How to avoid the most common mistakes while giving Latin names to newly discovered prokaryotes.
Hans G. Trüper
Published with the author's authorization.
Original text: Help! Latin! How to avoid the most common mistakes while giving Latin names to newly discovered prokaryotes. Microbiología (Sociedad Española de Microbiología), 1996, 12, 473-475.
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Most of the mistakes commonly made in naming newly discovered species (and genera) of prokaryotes (i.e.Bacteria and Archea/Eubacteria and Archaeobacteria) of transferring species from one to another genus can be avoided by following this advice:
(i) Gender of specific epithet
A common mistake is that, while forming new combinations (comb. nov.) by transferring a species to another genus, authors forget to change the gender of the specific epithet if that of the accepting genus differs from that of the former genus. The epithet has to follow the genus in gender!
Hypothetical examples: If the species "Blocus limosus" would be transferred to the genus "Leucobacterium", it would become "L.limosum" (comb. nov). If "Ercobacter mobilis" would be changed to "Aurigenium", it would have to become "A. mobile".
Note that names ending on -bacter are treated as masculine!
TABLE 1. Examples of Latin adjectives.
*Meaning: white, easy, rapid.
These may be formed directly, or, alternatively, as a Latin diminutive, and are always feminine. Such Latin names depend on the ending of the respective personal name. Proceed according to Table 2.
Note that for names ending on -e and on -o different alternatives have been -and thus must be - used!
Some personal names in Europe were already latinized in the 18th century and earlier. If they end on -us, replace -us by -a or by -ella (diminutive form). Example: personal name Bucerius, organism's name "Buceria" or "Buceriella".
Examples for diminutive names are, e.g. Salmonella, Klebsiella, Shigella, "Catonella", "Mbutuella", "Deleyella".
TABLE 2. Ways to form generic names from personal names.
(iii) Specific epithets formed from personal names
In principle there are two possibilities to proceed in either choosing the adjectival form (a) or the substantival form (b):
(a) Latinize the personal name according to column 2 of the preceding table and add the ending -nus (m.), -na (f.), -num (n.) according to the gender of the genus name. Thus you have formed an adjective that has the meaning of "pertaining, belonging to the person...".
The problem with names ending on -a is that they may be latinized in four different ways (for example: the name MacKenna):
(i) Treat MacKenna as if it were a classical Latin name like Seneca. Then it follows the a-declination, and the genitive for Ms. or Mr. MacKenna would give the same specific epithet, namely mackennae, meaning "of MacKenna".
(ii) The other three possibilities allow to recognize the sex of the person the new organism is to be named after. Mr. MacKenna is latinized to Mackennaus, which results in the specific epithet mackennaei (only m.)
(iii) The name is latinized to Mackennaeus (m.) (like Linnaeus) or Mackennaea (f.) with the consequence that the specific epithet is mackennaei (m.) or mackennaeae (f.), respectively.
(iv) The name is latinized to Mackennaius (m.) or Mackennaia (f.) so that the specific epithet would be mackennaii (m.) or mackennaiae (f.), respectively.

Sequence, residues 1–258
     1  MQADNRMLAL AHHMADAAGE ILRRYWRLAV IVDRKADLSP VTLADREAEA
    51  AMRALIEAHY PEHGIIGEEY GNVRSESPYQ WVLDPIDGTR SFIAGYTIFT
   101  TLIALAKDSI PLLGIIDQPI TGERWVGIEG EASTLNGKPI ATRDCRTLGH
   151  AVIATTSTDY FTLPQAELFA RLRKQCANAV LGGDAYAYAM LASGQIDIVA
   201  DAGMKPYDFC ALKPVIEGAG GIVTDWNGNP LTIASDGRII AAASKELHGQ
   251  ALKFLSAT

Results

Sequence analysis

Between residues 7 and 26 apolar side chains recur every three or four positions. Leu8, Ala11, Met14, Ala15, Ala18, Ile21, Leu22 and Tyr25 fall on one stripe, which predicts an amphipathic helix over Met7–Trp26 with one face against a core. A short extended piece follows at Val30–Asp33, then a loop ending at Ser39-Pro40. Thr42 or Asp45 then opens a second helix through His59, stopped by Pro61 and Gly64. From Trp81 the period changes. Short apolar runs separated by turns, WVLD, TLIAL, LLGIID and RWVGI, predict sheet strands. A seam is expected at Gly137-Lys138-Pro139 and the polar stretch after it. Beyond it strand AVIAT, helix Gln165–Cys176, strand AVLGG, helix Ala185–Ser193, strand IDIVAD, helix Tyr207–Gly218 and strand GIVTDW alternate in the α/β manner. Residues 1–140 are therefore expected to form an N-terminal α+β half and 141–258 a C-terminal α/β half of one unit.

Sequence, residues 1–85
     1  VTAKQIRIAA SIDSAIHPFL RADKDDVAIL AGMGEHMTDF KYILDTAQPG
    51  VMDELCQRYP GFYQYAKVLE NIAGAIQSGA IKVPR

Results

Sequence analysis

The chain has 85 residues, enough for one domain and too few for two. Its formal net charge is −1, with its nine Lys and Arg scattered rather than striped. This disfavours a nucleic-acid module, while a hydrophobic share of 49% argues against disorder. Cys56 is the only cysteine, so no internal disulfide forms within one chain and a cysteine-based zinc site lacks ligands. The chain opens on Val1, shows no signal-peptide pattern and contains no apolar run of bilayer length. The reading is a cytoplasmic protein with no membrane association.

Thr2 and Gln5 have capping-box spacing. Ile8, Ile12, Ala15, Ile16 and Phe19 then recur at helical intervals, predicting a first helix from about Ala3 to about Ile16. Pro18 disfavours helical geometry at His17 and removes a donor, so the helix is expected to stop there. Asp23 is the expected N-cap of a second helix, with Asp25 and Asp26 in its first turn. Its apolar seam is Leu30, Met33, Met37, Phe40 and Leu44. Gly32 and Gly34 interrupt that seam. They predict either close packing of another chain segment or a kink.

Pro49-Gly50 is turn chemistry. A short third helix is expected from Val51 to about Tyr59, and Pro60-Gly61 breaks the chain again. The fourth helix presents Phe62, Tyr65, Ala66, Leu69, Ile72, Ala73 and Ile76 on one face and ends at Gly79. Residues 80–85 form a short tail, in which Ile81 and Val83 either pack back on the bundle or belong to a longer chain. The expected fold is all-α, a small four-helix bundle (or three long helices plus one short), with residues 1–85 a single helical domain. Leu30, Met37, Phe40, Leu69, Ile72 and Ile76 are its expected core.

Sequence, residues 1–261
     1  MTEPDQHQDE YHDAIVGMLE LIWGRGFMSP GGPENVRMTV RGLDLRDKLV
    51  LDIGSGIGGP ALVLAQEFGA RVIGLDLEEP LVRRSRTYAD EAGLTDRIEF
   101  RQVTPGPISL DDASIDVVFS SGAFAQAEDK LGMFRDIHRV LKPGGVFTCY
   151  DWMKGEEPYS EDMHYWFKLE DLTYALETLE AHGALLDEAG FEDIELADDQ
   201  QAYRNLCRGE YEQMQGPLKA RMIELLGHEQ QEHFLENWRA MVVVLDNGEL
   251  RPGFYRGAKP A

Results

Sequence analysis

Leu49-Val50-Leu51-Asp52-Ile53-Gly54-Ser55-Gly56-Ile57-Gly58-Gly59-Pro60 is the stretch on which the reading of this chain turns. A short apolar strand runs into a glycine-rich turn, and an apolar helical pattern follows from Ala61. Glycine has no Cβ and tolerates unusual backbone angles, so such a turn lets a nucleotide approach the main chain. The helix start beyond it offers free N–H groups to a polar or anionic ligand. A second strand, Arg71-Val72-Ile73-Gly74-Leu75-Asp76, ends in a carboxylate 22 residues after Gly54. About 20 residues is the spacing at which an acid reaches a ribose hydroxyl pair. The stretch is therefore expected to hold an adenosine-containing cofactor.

The reader will understand that the latter two possibilities, although permissible, look and sound rather awkward and are due to produce a lot of misspellings. Therefore I strongly recommend to use the first two versions only.
Examples (partly hypothetical) for epithets derived from personal names are: smithii, maxwelliae, ottonis, ottonii, catoniae, novyi, daleyae, nealsonii, verdii, milleri, carpenterae, micdadei, postgatei, stanieri, dorotheae.
TABLE 3. Formation of specific epithets from personal names as genitive nouns
(iv) Specific epithets derived from names of localities
These are used to indicate the place of origin or occurrence of organisms. They are constructed by adding to the locality's name the ending -ensis (m. or f.) or ense (n.) in agreement with the gender of the genus name. Only if the name of the locality ends on -a or -e, these vowels are dropped before the addition of -ensis/-ense. Examples: Thiospirillum jenense (from Jena).
Do not form epithets by use of the latinized locality'sname in the genitive! (e.g. londoni instead of the correct londonensis).
Exceptions are those cases where there exist regular Latin adjectives that have been in used for countries, continents, rivers, cities, etc. at least since the middle ages, such as: europaeus, africanus, asiaticus, americanus, italicus, romanus (Rome), germanicus, britannicus, gallicus, polonicus, hungaricus, graecus, hispanicus, rhenanus (Rhine), frisius, saxonicus, bavaricus, bohemicus, mediterraneus (Mediterranean Sea), etc...
(v) Names combined from words of Greek and Latin origin
When names are combined from two or more words of Greek or/and Latin origin, there is an easy rule to follow:
a) If the first compound is Latin, the connecting vowel is an -i-, no matter whether a Greek or Latin compound follows.
b) If the first compound is Greek, the connecting vowel is an -o-, no matter whether a Greek or Latin compound follows.
c) If the second compound starts with a vowel, no extra connecting vowel is required.
a) rectivirgula, lactilyticus, avipneumoniae, omnivorans, Aquifex.
b) Halobacterium, chromofuscus, Pseudomonas, Leuconostoc.
c) acetoxidans, salexigens.
General advice: Consult the International Code of Nomenclature of Bacteria (1990 Revision), published in 1992 by the American Society for Microbiology, 1325 Massachusetts Ave. N.W., Washington, D.C. 20005, USA.
If you really get a problem with a name, send me a fax (H.G. Trüper: +49-228-737576). I promise to help.
Copyright © J.P. Euzéby